Computer based training improved on all fronts.
In the old days, it could take 15 business days to turn around grading and results for a Certified Automotive Fleet Manager/Specialist (CAFM/CAFS) test.
But with new computer-based training (CBT), candidates can receive results immediately. “Our certification candidates are dedicated professionals who are pursuing professional development on their own time,” says Kate Vigneau, Director of professional development for the National Fleet Management Association (NAFA). “We think they deserve to receive immediate results to acknowledge their hard work and achievements.”
NAFA recently announced that computer- based training (CBT) will now be the primary testing method for CAFM/ CAFS programs. They have partnered with Computer Assisted Testing Service (Comira), who have hundreds of test centres. Over 85 percent of current certification candidates are located within 100 km of a Comira test centre.
Vigneau notes that the administrative burden is also significantly reduced by the new training system. “On each local testing date with the paper-based system, we were actively engaged in booking 70-plus proctors, mailing hundreds of exams, manually grading those exams and distributing results,” she says. “Moving to CBT allows staff to focus on other areas of the program.”
The security of the exams themselves, as well as the integrity of the databank, was also a consideration in the move. “Minimizing the number of exams shipped and using a secure automated system to deliver all the exams is a big improvement,” says Vigneau.
The response has been overwhelmingly positive. Vigneau gives the example of a candidate in the Toronto area who had wanted to test at a local proctor using the paper based exam. “Since he falls within 100 km of a testing centre, he had to use the option of using CBT,” she explains. “Although initially reluctant, he signed up and took the exams at a Test Centre near the airport and received immediate results. After the experience, the candidate emailed me to say that it was seamless, professional and great in every way.”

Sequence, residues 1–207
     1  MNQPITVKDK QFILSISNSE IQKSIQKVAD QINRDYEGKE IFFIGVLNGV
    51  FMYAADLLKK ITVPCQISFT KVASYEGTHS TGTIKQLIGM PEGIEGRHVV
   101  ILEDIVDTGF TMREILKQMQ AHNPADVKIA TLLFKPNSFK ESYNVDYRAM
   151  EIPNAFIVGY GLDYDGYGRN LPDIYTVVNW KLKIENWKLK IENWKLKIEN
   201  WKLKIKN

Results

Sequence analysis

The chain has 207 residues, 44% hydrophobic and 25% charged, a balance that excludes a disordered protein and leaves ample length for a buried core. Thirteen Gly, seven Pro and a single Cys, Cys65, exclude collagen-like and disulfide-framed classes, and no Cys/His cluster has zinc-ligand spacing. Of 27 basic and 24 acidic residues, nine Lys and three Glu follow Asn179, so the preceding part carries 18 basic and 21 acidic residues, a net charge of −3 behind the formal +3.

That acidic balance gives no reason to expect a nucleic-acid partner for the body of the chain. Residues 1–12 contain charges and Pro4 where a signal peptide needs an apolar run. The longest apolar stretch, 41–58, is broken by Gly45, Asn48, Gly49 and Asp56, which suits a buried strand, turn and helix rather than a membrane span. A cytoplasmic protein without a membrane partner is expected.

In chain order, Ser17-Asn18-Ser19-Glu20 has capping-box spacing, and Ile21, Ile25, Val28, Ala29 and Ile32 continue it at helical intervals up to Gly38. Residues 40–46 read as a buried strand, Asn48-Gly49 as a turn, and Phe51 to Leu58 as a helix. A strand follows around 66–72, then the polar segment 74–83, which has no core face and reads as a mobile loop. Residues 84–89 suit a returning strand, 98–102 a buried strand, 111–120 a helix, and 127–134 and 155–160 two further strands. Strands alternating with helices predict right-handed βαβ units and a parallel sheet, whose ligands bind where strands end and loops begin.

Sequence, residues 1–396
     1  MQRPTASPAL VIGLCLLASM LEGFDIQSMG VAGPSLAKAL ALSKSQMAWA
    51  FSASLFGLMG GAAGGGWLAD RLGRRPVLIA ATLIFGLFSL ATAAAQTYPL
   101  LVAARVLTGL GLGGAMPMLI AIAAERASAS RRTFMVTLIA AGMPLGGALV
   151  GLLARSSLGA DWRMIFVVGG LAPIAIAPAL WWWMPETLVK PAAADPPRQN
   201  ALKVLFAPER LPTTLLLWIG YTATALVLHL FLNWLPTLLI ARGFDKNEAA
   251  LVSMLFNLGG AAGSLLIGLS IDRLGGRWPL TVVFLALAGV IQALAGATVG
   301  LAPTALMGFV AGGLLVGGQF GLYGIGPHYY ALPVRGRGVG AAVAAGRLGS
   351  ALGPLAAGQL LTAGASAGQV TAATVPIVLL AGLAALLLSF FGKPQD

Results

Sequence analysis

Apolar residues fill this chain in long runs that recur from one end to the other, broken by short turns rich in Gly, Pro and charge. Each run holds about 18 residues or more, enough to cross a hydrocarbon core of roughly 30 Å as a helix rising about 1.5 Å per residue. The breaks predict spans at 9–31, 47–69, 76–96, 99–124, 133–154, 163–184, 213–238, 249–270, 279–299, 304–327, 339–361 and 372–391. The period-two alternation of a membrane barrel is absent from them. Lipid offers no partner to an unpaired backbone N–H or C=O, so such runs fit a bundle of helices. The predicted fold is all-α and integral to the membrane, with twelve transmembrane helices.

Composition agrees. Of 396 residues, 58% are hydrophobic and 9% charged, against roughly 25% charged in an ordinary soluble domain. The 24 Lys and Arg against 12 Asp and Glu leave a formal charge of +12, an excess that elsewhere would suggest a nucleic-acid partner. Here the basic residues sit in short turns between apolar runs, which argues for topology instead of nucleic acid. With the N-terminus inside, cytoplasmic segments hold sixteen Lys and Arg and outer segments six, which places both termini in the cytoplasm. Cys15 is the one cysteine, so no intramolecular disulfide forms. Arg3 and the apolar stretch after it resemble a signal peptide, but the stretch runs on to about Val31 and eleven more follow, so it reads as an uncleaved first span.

Although there are currently limited locations in Canada, Vigneau stresses that she wants to improve CBT availability here. “We’ve seen a spike in program enrolment in every chapter,” she notes. “There is a diligent team of candidates in Quebec who have been steadily progressing throughout the program, and the Ontario Chapter continues to promote the program to members. The program will be taught on campus at Georgian College this summer, and in Western Canada, the chapter hosted a Boot Camp in January.”
Vigneau spoke at the Canadian Association of Fleet Supervisors’ AGM in February to announce a partnership with NAFA and access to the CAFM program. “Several members have signed up since that meeting in February,” she says.
Individuals can schedule tests at their convenience, subject to the hours of each test centre—many of which are open extended Individuals can schedule tests at their convenience, subject to the hours of each test centre—many of which are open extended hours and some on weekends. The program itself consists of eight modules or courses, and candidates write one exam on each subject. Each exam is made up of 50 multiple choice questions, and candidates are allocated one hour for each exam. However, better test results are achieved when candidates pursue no more than four modules at one sitting.
The CAFM program is structured so that initial enrolment costs are relatively low, with costs paid separately by the candidate. This allows the candidate to tailor his or her self-study program and take as many—or as few—exams that their personal study and preparation allows. Current costs for NAFA members are a standard sitting fee of $100 and then $20 per exam.